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News, Technology | May 30, 2017


Amazon blew the industry wide open with its release of the Echo back in 2014, and has since become the company’s most popular hardware product. However, Google has since gotten in on the fun with the Google Home, a direct Echo competitor that aims to reign supreme. But which one should you buy if you’re in the market for a virtual home assistant? Here are some key points to know about both devices to see which one might be best suited for you.

Google Home Is Much More Knowledgeable

This should come as no surprise, but when it comes to asking random questions about all sorts of facts, Google Home comes out on top. That’s not to say the Amazon Echo is completely stupid, but in our testing, there were a handful of questions that the Google Home was able to provide an answer, while Alexa simply just replied with “Sorry, I don’t know the answer to your question.”

However, Alexa was able to do a better job in some areas, like when I asked both devices “How many movies has Tom Hanks been in?” Alexa was able to come up with the answer (83 films), while Google Home simply just named off a few movies that Hanks directed. Google Home is also able to remember the previous question, which is useful. So if you asked “Who played Woody in Toy Story?”, Google Home would say Tom Hanks, and then you could follow up with “How old is he?” and Google Home would say his age, even though you didn’t directly say “Tom Hanks”. Alexa isn’t able to do this. Overall, Alexa knows some stuff, but Google knows more.

Both Have Great Tastes In Music

By default, the Echo uses Amazon’s Prime Music service and Google Home uses Google Play Music, both of which are great sources for streaming tunes. The biggest difference is how many songs each service has in their catalog. Amazon Prime Music only has around two million songs available, whereas Google Play Music has an astounding 35 million songs. You’ll find most popular songs on both services, though.

However, Amazon Music Unlimited is a newer service from the company that boasts “tens of millions of songs”. Even if you’re a Prime member, though, you still have to shell out a monthly payment for it. Furthermore, both Prime Music and Google Play Music require a monthly payment, with the smaller Prime Music library included in Amazon’s Prime service. Besides the defaults, though, both the Echo and Home can link to your Spotify or Pandora accounts, so if you’re committed to one of those music providers instead, it’s no problem.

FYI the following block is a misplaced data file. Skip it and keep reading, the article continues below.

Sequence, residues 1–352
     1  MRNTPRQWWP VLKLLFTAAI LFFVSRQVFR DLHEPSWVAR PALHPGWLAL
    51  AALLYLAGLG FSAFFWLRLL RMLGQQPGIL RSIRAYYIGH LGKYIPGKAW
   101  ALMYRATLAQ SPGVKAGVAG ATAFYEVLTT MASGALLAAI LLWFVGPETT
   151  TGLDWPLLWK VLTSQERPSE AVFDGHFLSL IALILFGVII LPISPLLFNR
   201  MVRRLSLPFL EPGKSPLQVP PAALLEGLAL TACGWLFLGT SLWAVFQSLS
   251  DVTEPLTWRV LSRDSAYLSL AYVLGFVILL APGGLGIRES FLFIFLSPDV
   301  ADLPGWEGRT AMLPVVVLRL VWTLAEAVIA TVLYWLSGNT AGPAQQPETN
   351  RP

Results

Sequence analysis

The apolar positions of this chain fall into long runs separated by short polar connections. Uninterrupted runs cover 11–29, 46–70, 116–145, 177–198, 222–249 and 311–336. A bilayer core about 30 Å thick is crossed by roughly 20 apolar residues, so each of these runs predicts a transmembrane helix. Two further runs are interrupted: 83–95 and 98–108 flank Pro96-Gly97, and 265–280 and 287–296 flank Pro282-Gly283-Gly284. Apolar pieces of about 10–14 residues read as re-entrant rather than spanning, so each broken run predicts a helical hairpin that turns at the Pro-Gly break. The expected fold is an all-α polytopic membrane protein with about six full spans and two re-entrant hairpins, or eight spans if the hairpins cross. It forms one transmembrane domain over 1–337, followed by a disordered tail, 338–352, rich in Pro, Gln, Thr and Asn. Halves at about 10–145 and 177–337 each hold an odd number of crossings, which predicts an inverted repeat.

Google Home Can Recognize Individual Voices

More than likely there are multiple people living in your house, which means multiple people using the Amazon Echo or Google Home. Both devices have multiple-account support, but only the Google Home knows who exactly it’s talking to. This makes it way easier to get information that’s pertinent only to you. So instead of saying something like “Hey Google, what’s on Craig’s calendar for today?” (which would be weird to say my own name), you can instead just say “What’s on my calendar for today?”. The Google Home will recognize your distinct voice and name off upcoming events that are on your calendar and no one else’s.

Both Have Decent Speakers

The full-size Echo and the Google Home come with surprisingly robust speakers that sound pretty good—certainly not as good as a dedicated speaker system, but good enough to keep at a respectable volume while you putz around the house.

However, the speakers on the Google Home tend to go south the louder you turn them up, so I wouldn’t want to crank the volume if I want to keep the quality decent. Of course, if you have an Echo Dot, you can connect external speakers to it as long as the stereo system you’re plugging in has an auxilary jack. The full-size Echo and the Google Home don’t have audio out ports, so you’re stuck using the built-in speakers on those.

There are other small things, of course. For example, “OK Google” doesn’t quite roll off the tongue the way “Alexa” does, which makes a bigger difference than you’d think. Conversely, Google Home comes with a customizable base, which is nice if you want it to fit in better with your home.

In the end, both are really good options, and it depends on what you’ll be using it for as far as which one you should go with. The Echo is better for smarthome integration and has slightly better speakers, and it integrates with a lot of different services through third-party Alexa Skills, but the Google Home’s vast search knowledge is likely something that Amazon will never touch, and the Chromecast support is pretty neat if you’re invested in that area.


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